While Forest Green is still waiting for an electric team bus (currently in development), the latest installment in the series of gradual greening has been cutting single-use compostable food and drink containers and exchanging them with washable ones: “We’re learning on the job and we think the most obvious answer is: Don’t have throwaway stuff, have reusable stuff.”

Vince wants the influence of Forest Green’s transformation to spread all over the world. But with the memory still fresh of last year’s World Cup in Qatar, and the serious human rights and environmental concerns that came with it, the road ahead looks long.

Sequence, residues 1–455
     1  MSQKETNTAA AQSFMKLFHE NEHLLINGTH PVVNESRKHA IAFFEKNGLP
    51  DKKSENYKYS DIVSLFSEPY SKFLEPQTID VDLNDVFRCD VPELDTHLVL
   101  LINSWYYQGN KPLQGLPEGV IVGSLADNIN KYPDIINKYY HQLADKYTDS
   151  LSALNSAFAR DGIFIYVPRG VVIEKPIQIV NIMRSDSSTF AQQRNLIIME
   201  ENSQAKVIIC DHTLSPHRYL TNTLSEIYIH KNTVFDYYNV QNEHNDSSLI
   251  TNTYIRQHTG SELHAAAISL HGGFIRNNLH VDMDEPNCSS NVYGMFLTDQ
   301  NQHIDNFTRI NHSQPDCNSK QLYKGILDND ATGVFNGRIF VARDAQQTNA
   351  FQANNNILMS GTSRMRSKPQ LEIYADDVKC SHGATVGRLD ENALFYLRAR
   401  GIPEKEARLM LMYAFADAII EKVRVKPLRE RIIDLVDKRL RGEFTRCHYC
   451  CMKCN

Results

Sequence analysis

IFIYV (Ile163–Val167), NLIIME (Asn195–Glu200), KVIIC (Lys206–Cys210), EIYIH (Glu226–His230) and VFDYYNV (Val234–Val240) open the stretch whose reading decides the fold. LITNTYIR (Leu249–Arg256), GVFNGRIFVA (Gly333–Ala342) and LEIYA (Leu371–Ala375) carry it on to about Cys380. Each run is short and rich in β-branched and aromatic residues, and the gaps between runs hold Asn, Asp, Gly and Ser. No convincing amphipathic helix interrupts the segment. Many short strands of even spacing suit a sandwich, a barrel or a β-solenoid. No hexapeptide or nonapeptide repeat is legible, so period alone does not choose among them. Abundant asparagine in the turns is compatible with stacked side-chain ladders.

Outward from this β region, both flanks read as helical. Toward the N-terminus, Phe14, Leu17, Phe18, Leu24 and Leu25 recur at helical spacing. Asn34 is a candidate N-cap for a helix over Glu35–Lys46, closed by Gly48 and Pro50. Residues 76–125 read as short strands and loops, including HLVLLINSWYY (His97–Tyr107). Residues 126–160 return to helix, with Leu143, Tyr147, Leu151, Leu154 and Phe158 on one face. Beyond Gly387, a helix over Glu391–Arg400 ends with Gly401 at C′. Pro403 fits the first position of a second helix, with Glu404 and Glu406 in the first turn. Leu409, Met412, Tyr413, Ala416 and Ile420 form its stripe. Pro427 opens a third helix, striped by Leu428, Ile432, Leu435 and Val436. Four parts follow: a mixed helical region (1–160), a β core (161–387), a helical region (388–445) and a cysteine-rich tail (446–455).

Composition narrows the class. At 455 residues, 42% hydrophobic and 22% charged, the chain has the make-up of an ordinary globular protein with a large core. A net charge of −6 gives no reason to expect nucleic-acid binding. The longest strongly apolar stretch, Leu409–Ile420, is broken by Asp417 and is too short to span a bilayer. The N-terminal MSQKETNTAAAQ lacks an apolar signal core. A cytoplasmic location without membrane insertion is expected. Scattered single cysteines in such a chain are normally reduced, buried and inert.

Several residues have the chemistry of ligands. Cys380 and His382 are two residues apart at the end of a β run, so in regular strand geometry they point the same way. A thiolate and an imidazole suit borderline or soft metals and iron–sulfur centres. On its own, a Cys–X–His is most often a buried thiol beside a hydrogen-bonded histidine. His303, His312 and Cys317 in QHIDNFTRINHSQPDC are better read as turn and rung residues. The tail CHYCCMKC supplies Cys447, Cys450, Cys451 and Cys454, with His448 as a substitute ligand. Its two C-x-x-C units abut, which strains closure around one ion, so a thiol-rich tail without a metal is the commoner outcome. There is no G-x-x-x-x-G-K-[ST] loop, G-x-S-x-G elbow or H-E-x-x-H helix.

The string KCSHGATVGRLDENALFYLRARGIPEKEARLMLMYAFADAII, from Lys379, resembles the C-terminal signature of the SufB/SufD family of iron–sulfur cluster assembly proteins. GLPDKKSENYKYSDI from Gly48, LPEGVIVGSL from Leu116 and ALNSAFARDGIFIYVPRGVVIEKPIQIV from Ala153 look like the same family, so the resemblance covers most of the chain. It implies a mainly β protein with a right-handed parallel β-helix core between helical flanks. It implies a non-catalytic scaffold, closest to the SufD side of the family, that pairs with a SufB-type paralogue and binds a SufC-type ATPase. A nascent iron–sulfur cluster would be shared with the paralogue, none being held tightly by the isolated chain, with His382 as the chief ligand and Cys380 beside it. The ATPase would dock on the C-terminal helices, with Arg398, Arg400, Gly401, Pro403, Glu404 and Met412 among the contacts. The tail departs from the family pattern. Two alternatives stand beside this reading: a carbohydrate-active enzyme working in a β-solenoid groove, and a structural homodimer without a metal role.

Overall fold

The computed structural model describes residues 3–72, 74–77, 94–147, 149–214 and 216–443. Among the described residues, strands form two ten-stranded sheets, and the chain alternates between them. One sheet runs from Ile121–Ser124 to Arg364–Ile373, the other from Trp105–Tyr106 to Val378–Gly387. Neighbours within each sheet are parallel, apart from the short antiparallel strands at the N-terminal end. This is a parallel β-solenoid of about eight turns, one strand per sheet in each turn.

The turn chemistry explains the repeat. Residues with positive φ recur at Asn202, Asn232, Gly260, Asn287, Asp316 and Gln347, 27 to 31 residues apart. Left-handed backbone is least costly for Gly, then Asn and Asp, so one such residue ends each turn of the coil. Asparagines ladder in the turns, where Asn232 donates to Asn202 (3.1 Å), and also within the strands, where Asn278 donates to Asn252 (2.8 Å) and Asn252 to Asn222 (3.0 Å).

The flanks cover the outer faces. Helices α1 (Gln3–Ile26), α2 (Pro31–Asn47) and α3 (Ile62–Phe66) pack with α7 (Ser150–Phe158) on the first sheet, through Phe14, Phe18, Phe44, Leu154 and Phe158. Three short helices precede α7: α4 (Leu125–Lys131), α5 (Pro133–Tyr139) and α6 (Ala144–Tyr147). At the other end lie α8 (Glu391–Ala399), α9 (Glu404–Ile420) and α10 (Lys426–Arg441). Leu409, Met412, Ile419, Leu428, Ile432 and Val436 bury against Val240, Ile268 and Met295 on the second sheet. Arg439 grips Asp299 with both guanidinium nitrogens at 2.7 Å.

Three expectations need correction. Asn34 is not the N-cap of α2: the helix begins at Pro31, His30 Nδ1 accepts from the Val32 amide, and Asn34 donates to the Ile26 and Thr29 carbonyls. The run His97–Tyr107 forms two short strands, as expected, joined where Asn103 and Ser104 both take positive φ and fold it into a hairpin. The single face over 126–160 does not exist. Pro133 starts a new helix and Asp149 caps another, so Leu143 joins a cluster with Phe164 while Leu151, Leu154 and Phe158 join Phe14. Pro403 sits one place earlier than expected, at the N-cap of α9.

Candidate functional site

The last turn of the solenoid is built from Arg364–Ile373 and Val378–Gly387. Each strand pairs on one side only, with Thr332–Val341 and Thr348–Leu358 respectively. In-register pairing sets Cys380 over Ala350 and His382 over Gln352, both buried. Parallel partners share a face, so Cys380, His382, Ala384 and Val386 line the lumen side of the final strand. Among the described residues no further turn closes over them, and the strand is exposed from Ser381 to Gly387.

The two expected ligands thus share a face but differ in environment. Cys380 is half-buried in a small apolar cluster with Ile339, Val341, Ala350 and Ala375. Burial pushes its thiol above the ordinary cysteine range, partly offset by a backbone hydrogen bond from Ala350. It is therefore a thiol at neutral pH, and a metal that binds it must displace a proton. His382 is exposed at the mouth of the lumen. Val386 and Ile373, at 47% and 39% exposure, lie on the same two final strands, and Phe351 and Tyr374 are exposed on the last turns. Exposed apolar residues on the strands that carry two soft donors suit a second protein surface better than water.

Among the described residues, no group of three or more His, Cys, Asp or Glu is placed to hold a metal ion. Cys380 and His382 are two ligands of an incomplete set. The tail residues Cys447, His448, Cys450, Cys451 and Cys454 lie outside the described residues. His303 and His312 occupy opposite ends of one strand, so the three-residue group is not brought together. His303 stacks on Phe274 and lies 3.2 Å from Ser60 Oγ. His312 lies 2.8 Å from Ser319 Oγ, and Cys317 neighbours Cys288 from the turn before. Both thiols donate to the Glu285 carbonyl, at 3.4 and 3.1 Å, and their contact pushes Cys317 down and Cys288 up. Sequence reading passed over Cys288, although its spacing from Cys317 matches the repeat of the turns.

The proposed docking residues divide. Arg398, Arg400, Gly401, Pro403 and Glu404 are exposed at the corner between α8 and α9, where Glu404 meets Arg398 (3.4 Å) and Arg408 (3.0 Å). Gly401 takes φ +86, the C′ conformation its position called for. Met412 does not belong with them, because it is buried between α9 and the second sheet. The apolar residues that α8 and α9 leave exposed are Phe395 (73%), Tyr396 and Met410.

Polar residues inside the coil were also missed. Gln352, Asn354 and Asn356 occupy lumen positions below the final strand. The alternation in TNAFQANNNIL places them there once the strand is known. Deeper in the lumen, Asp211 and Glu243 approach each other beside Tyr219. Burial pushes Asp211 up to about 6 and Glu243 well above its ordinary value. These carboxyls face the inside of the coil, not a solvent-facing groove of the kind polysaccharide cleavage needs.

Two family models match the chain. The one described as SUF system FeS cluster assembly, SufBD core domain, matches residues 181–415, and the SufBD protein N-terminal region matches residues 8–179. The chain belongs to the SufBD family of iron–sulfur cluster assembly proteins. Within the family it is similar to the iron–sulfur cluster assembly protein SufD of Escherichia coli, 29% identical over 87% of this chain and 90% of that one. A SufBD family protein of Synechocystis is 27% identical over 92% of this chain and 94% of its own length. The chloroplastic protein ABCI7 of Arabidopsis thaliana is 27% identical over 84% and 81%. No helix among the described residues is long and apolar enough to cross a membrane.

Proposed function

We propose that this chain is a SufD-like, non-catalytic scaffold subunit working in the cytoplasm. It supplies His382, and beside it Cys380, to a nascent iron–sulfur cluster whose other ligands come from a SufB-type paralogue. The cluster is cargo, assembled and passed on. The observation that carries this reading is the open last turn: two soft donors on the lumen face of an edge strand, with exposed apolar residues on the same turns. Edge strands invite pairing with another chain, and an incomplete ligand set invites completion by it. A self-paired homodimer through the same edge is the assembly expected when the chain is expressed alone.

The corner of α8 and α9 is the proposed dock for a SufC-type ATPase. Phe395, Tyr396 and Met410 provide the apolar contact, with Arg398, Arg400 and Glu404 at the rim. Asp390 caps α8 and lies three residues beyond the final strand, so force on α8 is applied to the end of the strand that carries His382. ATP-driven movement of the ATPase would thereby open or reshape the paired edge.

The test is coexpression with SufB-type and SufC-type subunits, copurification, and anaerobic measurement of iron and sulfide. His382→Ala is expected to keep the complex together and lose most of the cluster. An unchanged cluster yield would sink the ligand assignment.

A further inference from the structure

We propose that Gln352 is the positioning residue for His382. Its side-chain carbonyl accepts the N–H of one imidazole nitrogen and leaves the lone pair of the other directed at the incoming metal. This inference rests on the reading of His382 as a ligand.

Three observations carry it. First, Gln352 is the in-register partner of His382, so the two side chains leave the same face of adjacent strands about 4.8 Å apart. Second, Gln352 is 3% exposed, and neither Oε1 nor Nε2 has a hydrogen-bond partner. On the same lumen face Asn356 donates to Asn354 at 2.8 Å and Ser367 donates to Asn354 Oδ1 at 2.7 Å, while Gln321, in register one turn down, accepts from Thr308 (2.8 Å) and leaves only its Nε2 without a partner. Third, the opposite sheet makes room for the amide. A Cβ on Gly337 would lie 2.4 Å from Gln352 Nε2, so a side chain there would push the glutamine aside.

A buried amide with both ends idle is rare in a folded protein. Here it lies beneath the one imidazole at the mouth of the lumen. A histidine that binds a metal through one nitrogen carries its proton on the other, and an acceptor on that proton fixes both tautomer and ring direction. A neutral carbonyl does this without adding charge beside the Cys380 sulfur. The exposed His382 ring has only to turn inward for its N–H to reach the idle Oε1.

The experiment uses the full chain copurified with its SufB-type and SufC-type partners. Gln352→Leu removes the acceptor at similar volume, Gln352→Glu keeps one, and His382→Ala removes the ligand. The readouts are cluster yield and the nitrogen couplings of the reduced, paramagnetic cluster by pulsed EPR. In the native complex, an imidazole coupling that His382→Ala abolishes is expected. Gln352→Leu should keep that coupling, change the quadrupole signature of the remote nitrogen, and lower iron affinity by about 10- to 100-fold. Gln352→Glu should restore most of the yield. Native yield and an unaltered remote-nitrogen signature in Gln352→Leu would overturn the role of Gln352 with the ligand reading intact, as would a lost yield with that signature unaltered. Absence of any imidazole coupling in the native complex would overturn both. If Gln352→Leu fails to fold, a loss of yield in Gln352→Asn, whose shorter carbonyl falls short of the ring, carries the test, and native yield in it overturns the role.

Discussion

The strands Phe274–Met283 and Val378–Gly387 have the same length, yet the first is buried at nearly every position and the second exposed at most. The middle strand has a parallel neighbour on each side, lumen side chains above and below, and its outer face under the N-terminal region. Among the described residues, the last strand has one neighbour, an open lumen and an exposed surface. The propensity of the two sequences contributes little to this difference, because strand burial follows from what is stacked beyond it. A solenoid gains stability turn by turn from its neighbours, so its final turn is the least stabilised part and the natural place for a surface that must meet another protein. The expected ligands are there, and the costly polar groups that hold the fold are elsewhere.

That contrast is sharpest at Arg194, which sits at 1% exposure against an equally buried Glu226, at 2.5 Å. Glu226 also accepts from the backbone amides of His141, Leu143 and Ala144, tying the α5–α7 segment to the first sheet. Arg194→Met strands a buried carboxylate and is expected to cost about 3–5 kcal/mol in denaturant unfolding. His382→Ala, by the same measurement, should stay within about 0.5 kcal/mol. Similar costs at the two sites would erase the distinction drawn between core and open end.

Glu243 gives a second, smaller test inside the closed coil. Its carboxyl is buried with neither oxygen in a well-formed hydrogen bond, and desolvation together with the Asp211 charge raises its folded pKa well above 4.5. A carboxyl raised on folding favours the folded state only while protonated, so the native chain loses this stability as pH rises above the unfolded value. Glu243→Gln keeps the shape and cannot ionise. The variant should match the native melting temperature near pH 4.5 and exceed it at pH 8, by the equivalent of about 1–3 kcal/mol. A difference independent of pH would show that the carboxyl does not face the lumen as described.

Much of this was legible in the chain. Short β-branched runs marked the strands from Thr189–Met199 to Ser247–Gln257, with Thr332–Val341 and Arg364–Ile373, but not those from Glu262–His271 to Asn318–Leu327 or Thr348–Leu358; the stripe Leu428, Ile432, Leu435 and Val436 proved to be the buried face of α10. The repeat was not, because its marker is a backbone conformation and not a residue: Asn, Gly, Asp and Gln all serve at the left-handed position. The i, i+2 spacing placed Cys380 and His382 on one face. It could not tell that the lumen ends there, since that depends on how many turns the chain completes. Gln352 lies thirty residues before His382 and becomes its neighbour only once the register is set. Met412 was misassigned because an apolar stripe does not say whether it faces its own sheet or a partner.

”FIFA need to get real about how they do their carbon footprinting. The way they… claimed carbon neutrality for the World Cup was a scandal, really. They need to get a grip of that.” 

Even so, Vince believes change has been set in motion. Right now, he sees a lot of greenwashing, where clubs and businesses in the world of football “make a clumsy attempt at doing something” in the hope of appearing more environmentally responsible. It’s annoying, but it’s one step on a long path, he believes, and an acknowledgement that Forest Green Rovers are “doing the right thing”. 

“In the beginning people are scornful and sceptical, they may laugh at what you’re doing. Then, in the middle of the journey, you have greenwashing. The third stage is, it gets done properly.”